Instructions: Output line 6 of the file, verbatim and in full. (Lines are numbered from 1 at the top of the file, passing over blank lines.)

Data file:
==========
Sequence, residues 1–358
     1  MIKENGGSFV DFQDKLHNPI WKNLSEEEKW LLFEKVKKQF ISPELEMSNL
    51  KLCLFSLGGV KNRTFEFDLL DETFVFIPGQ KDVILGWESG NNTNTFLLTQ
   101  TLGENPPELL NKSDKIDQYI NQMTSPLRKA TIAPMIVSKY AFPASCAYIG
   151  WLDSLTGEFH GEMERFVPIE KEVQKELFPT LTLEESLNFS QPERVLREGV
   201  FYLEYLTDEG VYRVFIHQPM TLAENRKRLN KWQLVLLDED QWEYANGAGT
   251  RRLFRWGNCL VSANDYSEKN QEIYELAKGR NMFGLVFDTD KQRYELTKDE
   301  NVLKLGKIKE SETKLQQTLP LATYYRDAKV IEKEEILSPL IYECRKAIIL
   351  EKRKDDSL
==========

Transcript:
   201  FYLEYLTDEG VYRVFIHQPM TLAENRKRLN KWQLVLLDED QWEYANGAGT